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State of overreach: Fighting back against burdensome state tax policies

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While much of the recent attention in Washington has been focused on simplifying the tax code for small businesses, businesses small or otherwise that sell their products nationally have experienced increasingly complex tax regulations from the states in recent years. This stems from rogue states imposing burdensome tax reporting and collection requirements, which not only contradict Supreme Court precedent, but especially and disproportionately harm smaller businesses with limited means.

While cross border taxation and regulation has long been an issue for small businesses to comply with, a recent flurry of state policies has only increased the burden. The Alabama Department of Revenue issued a notice in late 2015 that required out-of-state businesses to collect and remit Alabama sales tax on sales to Alabama-based customers, regardless of whether the businesses have a physical presence in the state. In 2016, South Dakota passed similar legislation. This past April, the Massachusetts Department of Revenue issued a directive requiring retailers to collect sales tax from out-of-state vendors that use cookies on customers.

{mosads}These policies are a direct affront to the Supreme Court’s 1992 decision in Quill v. North Dakota, where the Court interpreted the Constitution’s Commerce Clause to mean that businesses must have physical nexus in a state in order to be required to collect and pay sales and use taxes. However, state policymakers are banking on the fact that small businesses will lack the time and resources to challenge their overreaches in Court, which will allow them to continue these unlawful taxing regimes.

Moreover, Colorado approved legislation in 2010 requiring out-of-state businesses to report the purchases of Colorado residents to the state’s Department of Revenue. This “tattletale law” seeks to sidestep the constitutional findings of the Quill decision, but still violates the spirit of the decision and imposes compliance burdens for small businesses in Colorado. Other states like Louisiana have followed its lead. Interestingly, 78 percent of Coloradans viewed this as a gross violation of their privacy, according to a recent NetChoice poll.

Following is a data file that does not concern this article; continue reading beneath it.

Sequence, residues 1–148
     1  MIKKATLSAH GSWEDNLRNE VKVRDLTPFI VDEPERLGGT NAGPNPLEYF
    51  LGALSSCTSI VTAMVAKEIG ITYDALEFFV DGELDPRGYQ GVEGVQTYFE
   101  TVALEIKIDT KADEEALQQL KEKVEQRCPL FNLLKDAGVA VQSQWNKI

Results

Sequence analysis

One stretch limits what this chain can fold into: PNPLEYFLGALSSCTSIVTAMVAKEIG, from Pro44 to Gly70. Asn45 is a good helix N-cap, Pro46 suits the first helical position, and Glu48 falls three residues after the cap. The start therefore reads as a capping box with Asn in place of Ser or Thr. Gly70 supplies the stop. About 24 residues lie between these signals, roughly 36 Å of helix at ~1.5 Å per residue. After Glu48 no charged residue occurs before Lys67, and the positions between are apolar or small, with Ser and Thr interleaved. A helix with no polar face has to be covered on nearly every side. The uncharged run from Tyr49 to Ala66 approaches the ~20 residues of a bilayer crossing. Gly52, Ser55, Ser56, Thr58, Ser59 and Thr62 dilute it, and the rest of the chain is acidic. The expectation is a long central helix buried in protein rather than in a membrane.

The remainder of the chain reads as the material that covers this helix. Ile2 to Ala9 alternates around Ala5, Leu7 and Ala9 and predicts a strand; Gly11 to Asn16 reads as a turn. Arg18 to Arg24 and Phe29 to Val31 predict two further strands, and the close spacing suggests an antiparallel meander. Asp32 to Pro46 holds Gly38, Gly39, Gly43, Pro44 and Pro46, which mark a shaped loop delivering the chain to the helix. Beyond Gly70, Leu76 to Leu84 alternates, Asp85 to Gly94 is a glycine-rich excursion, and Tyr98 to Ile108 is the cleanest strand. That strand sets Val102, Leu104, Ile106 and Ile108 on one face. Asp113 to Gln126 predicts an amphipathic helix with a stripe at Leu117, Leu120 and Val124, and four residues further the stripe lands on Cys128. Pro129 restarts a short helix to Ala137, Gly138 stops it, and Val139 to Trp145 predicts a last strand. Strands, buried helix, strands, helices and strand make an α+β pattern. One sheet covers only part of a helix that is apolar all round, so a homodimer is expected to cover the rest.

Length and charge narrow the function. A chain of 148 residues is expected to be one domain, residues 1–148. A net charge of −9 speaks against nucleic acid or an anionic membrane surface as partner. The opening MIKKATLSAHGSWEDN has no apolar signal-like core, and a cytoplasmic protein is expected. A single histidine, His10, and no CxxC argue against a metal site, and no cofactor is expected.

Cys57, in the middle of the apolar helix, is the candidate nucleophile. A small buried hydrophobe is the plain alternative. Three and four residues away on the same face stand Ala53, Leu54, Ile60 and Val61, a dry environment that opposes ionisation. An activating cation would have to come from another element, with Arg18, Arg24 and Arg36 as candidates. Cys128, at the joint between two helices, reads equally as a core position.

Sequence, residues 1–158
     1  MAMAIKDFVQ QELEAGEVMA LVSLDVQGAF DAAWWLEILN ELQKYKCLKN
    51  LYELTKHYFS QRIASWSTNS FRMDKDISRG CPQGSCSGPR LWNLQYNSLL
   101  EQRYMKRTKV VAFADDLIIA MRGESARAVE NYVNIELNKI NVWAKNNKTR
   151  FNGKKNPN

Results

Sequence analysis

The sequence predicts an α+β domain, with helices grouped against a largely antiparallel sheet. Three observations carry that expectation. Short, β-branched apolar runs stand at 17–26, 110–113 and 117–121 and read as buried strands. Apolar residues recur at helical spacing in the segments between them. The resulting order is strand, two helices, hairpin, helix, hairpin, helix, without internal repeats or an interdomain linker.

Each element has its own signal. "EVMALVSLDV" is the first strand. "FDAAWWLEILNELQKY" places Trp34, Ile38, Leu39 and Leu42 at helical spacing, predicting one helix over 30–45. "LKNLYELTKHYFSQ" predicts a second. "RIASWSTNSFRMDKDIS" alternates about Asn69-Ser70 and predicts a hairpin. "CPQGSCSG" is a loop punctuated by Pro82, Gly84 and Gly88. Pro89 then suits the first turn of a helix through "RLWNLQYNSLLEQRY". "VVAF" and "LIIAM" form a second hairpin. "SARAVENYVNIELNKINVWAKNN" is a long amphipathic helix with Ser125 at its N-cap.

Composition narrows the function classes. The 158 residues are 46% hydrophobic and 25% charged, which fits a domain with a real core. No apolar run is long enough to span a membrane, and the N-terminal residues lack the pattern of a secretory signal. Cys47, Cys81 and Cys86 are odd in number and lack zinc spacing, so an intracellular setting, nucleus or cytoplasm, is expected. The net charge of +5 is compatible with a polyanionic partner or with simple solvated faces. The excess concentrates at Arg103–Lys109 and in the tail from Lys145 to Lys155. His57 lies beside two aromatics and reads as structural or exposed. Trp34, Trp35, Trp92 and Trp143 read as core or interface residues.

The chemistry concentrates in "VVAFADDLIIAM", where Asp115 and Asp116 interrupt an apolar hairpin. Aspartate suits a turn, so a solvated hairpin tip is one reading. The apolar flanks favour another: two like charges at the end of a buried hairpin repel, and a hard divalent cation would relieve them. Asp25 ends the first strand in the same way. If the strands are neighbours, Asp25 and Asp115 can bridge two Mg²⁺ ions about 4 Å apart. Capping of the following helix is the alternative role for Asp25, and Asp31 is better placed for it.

Fortunately, Senior House Judiciary Committee Member James Sensenbrenner (R-Wis.) on June 12 introduced the No Regulation without Representation Act of 2017 to combat states’ overreach. The bill would codify the Supreme Court’s Quill decision, which would thus bar states from imposing collection burdens for sales and use taxes on out-of-state businesses lacking physical presence.

The bill would effectively protect small businesses from burdensome compliance with a crazy quilt patchwork of state policies without impinging on a state’s ability to continue regulating businesses within their borders – and to insist that products entering their jurisdiction comply with national standards. The bill would use traditional factors to define physical presence (such as the owning or leasing of property, employee or contractors in the state, etc.) while excluding the more recent and questionable bases on which states have tried to shift regulatory burdens to out-of-state companies. The bill would only trigger the Commerce Clause when states try to regulate beyond their borders.

Moreover, Sensenbrenner’s bill would not prevent the resolution of the remote sales tax issue. His bill narrowly focuses on cross border regulation issues and Congress would remain free to craft laws that level the playing field and recover revenue for the states consistent with the physical presence principle established in Quill.

Short of resolving the internet sales tax debate, this bill would be a much welcomed first step in providing clarity and regulatory relief for remotely-located small businesses that sell their products nationally, while stopping the insanity that is legislative malpractice when states attempt to unilaterally contravene established Supreme Court precedent.

Hamilton Davison is President & Executive Director of the American Catalog Mailers Association, a Washington-based catalog industry advocacy group.

The views expressed by this author are their own and are not the views of The Hill.

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